Dancing Flowers in Carlsbad

There is a slight breeze in the air as my aunt, her family, and me step inside the grounds of the Carlsbad Flower Fields. I fumble with my DSLR for a few minutes while we look at a small spread of flowers. Why am I holding back? Guess I’m rusty. I remember the promise I intend to keep: practice and publish your photography! We proceed to climb onto an orange wagon for a loop around the blooms. Out of the 50 acres of flowers, 30 are in bloom today. The tour satisfies me, but not nearly enough. With the rumbling of the tractor, my shots are blurry and the composition is mediocre.

The first stop we make I beeline for the exit and jump down onto the dusty dirt road. Pictures don’t take themselves, I think and follow my aunt’s sister to the rows of orange, pink, white, red, yellow and purple dahlias. I happen to really like dahlias, and these have fragile, but small vibrant petals. The last dahlia I touched at Orange County Wholesale Flowers was a purple and robust, quarter-inch thick specimen. I reminisce on the weeks I spent last quarter reporting a longform story at the Santa Ana warehouse. Who knew that I would end up with a growing respect and admiration for flowers and the people who help make them beautiful?

I’m snapped out of my reverie as my aunt pulls up in a wagon once she’s done with the loop of the fields. We stroll down the long row of flowers together and look for photo ops. I’m lucky because she loves taking photos on outings and has such a fun personality. I insist that we pose for photos along the walk, and that being silly is a good thing. Not only is my aunt a fantastic conversationalist, but her perspective on life encourages me to be a kinder, more thoughtful person.

We end up joining the rest of the group and wander the rose garden, sweet pea maze, poinsettia greenhouse and a greenhouse full of Cymbidium orchids, which are very popular in California. They are huge plants, but I wanted to see other varieties of orchids too. Maybe someday when I return they will have more plants.

As we head back to Orange County, my mind replays the moments of quiet introspection back at the fields. I think flowers are my new addiction.

Beauty Lies Among the Ruins

Originally published here
Located in San Juan Capistrano in Orange County, California, the ruins of Mission San Juan Capistrano are a gem to behold. The 7th of 21 California missions, it was one of the best known Alta California missions. Father Junipero Serra founded the mission on All Saints’ Day, November 1, 1776. Father Serra’s Chapel, built in 1778, is the oldest building in California still in use. Inside the peaceful room, people celebrate mass every morning at 7.

A tiny flower sits on the lip of the fountain in the Sacred Garden, a splash of color in the shadows. Trickling water is the only sound you can hear in the late afternoon.

The Great Stone Church is one of the major draws for sightseers. Construction began in 1797 and took nine years to complete. On December 8, 1812 an earthquake caused the walls and bell tower to collapse during mass. It is fascinating to imagine the grandness of the original structure, as it nearly swallows you up the closer you get to the high ceiling.

Adjacent to the old church sits the Bell Wall. Four bells, two small and two large, tolled at mealtimes and at the passing of San Juan Capistrano residents. The large bells are recast from the bells that were lost during the 1812 earthquake while the small bells date to 1804.

Inside the Central Courtyard, the Mission’s men and women would occupy their time with activities like spinning, weaving and leather crafts. Today it is a resting place for visitors to enjoy the flora and architecture, as well as the koi in the pond.

Esther Williams is a California Impressionist artist who has been painting the Mission for eight years. For 40 years she has been perfecting her craft, and finds the Mission an attractive subject because of its spirituality, historical value, and beauty.

Williams likes to paint the koi at the Moore style Fountain of the Four Evangelists, though she finds it a challenge to capture the light on the canvas with evening approaching. She dips her brush into the white paint to add highlights to the fish and the ripples in her painting before leaving.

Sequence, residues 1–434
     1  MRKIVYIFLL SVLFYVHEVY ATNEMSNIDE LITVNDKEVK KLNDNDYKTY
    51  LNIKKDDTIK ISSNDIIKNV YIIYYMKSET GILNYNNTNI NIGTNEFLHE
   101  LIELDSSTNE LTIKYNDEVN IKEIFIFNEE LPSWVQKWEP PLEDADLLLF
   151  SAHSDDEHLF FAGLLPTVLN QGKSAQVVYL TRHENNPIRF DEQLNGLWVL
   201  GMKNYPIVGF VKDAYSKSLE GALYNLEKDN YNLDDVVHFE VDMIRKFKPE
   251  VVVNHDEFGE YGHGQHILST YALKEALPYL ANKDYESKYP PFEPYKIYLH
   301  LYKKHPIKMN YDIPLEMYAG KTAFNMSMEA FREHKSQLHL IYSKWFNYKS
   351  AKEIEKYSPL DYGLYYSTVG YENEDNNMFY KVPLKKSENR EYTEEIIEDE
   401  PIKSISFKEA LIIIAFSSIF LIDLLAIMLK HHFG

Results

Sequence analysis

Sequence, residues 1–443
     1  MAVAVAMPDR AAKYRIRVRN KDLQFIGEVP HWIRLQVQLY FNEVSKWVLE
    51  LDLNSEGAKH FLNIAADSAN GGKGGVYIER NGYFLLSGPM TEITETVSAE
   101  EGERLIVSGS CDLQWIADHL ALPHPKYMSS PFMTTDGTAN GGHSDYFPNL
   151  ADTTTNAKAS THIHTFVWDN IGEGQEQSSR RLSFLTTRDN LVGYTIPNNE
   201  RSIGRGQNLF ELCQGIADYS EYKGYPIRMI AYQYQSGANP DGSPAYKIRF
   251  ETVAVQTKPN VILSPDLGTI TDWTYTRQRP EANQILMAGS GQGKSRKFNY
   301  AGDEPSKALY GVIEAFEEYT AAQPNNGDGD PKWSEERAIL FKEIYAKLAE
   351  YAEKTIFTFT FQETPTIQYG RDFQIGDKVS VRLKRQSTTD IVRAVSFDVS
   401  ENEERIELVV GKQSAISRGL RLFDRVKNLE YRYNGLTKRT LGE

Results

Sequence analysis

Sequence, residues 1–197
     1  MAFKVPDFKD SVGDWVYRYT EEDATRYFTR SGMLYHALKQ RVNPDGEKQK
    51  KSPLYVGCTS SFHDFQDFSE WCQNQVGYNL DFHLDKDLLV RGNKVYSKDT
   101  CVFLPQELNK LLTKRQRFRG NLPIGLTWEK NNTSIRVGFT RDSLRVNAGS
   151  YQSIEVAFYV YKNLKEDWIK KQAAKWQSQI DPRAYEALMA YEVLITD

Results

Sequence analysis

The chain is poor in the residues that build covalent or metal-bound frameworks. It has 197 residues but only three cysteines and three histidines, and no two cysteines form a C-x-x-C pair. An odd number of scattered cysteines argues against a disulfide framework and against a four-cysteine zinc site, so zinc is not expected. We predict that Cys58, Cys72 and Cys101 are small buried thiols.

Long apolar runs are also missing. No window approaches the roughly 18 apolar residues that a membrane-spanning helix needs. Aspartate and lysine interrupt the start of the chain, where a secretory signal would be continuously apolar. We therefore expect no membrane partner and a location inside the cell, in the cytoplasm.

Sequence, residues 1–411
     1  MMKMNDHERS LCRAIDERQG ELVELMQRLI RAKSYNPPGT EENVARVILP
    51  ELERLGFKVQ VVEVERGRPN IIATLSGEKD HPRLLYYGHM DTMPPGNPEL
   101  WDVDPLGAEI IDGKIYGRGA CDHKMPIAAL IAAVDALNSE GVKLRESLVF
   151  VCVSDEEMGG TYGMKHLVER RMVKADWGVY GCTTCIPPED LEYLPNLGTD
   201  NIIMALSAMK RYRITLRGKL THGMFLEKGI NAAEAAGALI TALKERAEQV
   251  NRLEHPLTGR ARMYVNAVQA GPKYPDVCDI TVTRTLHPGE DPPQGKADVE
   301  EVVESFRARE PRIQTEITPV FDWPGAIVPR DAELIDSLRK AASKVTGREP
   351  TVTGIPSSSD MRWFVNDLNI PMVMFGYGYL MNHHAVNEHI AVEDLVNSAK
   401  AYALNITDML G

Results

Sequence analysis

This slideshow requires JavaScript.

TURNING THE TIDE 2.0

Dear all,

Hello! It has been some time since I last sat down and wrote a Blog. I regret not taking the time to write, because so many special things happened over the summer, and I wish I had kept some sort of record on TURNING THE TIDE. To make up for the all the posts I didn’t write, I’d like to take a moment to tell you a bit about my summer, this blog and myself.

For those of you who don’t know me, I’m from NorCal and I’m a literary journalism major at University of California, Irvine. Yes, I’m a writer, borne from my love of reading. I am a freelance writer for two startup companies, and plan to move into public relations this fall. This is my final year of college. I’m really excited to use my potential to do good, but I’m definitely nervous at the same time!

Summer highlights:

– Landed my dream journalism internship at the UCI ANTrepreneur Center. I learned the importance of networking, how to listen and how to talk to anyone. This internship helped me find my first public relations opportunity.

– Went on a backpacking trip with my uncles, in NorCal. Want to read more? Check out my article. 🙂

– Had a great time with my friends at the beach on multiple occasions. Having a car is wonderful!

This slideshow requires JavaScript.

When I started this blog, I had trouble pinpointing exactly what interested me and keeping readers engaged. I would write about some pretty random stuff. Then, I branched out into writing prompt style posts, which got a bit more traffic. I think the most recent stage was when I wrote about study abroad in Ireland.

Now, I am going to try something new! My new theme makes my blog pop, and motivates me to write engaging content. There’s something deeply satisfying in straying away from a traditional look. Besides the theme, the content will change. From here on out, the blog will focus on photography, student life, careers and current events. Occasionally I will do a writing prompt if I need the practice. I think my new direction will keep me on my toes, since I’ll need to read the news, search for interesting subjects, etc. That said, I’m going to post at least once a week, on Mondays.

To all my past readers, thanks for reading this post and following my blog. I appreciate your patience, and I’m sorry to have left you hanging this summer! I look forward to seeing what you’re up to and will do my best to maintain a presence here on WordPress.To first time visitors, I hope that we can connect. If one of my posts inspires you, please don’t hesitate to comment on it. I’ll take a look at your blog, too.

Cheers,

–Jennifer

Escape to Skerries

Dear readers,

My apologies for it being a month since my last post. I appreciate your patience. Finals were stressful (the good kind of stress) and I wanted to prepare as much as I could. I survived my semester abroad in Dublin, Ireland, so now I just have to wait for my grades! I’ll elaborate on study abroad in a future post, I promise. I’d love to share a final set of experiences with you before I do.